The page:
After a couple of misfires in the first few seasons, The X-Files had most steered clear of “classic” monsters. The first season had struggled with werewolves and ghosts and cryptozoology in Shapes and Shadows and The Jersey Devil respectively. 3 had been the show’s first “true” vampire episode, and had ended up as a bit of a mess. Perhaps it indicated that The X-Files was not a show that did “traditional” monsters particularly well; or maybe it was just a sign that the creative team were still figuring out how to make the show.

There was some evidence that the show might have been getting better at this sort of thing. In the fourth season, Elegy had been a (mostly) effective traditional ghost story. In the fifth season, Bad Blood had demonstrated that it was possible to make a good episode of The X-Files about vampires. Perhaps it was time to try another werewolf story. After all, the budget on The X-Files was bigger than it had ever been. There would likely be no better time to tell a classic werewolf story. Sadly, Alpha is anything but a classic werewolf story.

Hungry like the wolf...

Hungry like the wolf…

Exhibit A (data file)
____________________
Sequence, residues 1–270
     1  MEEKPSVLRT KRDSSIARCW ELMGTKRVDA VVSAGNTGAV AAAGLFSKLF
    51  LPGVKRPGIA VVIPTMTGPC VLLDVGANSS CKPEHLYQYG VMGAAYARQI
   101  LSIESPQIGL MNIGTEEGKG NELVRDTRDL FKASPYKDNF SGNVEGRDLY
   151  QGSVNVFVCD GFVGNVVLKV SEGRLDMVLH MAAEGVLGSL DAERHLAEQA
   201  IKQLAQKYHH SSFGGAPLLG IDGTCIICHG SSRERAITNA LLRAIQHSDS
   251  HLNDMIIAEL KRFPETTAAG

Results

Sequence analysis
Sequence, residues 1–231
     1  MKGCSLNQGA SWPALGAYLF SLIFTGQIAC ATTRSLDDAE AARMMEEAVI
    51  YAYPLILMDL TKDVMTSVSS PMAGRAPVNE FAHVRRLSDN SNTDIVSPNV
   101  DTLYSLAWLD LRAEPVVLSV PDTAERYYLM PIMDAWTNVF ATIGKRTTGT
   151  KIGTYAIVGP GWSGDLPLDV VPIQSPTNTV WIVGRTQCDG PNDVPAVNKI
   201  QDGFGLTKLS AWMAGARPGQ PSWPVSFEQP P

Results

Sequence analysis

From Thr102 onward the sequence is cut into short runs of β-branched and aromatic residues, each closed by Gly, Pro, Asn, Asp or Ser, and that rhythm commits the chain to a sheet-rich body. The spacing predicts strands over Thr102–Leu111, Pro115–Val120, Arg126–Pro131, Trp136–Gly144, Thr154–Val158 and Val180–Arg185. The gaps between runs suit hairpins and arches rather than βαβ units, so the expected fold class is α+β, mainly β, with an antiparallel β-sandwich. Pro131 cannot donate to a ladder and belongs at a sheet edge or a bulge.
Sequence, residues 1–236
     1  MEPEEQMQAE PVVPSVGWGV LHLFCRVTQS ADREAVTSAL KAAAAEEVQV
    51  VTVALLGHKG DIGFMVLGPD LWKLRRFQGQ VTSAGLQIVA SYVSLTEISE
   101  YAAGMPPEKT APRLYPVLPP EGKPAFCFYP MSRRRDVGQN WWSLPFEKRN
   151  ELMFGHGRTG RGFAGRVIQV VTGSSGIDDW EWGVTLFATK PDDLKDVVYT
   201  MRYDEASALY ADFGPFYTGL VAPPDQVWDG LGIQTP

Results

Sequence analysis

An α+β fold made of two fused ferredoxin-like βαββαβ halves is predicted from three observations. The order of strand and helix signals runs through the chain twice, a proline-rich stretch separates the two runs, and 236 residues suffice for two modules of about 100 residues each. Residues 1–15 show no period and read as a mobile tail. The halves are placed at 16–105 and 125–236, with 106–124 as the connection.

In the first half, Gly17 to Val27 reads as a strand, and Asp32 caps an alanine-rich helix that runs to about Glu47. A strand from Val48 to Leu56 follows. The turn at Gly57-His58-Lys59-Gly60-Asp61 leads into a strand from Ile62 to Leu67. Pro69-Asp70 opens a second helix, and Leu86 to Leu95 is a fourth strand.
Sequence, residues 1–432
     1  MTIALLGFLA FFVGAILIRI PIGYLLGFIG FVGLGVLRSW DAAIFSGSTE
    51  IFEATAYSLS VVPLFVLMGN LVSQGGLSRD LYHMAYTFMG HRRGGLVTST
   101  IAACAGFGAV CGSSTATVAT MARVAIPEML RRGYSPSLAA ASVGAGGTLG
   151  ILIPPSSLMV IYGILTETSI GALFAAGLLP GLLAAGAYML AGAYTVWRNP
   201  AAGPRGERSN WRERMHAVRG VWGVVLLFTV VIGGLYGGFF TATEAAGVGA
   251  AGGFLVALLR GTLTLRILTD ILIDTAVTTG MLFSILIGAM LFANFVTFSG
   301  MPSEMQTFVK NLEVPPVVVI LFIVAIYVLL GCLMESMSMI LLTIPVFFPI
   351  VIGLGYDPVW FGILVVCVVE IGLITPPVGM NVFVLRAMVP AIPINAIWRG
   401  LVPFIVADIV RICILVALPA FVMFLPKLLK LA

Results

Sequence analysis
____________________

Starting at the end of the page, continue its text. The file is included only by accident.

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The X-Files – Revelations (Review)

This November (and a little of December), we’re taking a trip back in time to review the third season of The X-Files and the first (and only) season of Space: Above and Beyond.

Religion, eh?

In the mid-nineties, religion was a very difficult subject to navigate on network television. The so-called “culture wars” were in full swing at the middle of the decade, with religious values serving as a particularly brutal battleground. Religion is a very thorny and contentious subject. As recently as 2012, more than 40% of polled Americans stated they would not vote for an atheist candidate in a presidential election. Pete Stark would admit to being an atheist in 2007, becoming the first self-identified atheist in the United States Congress.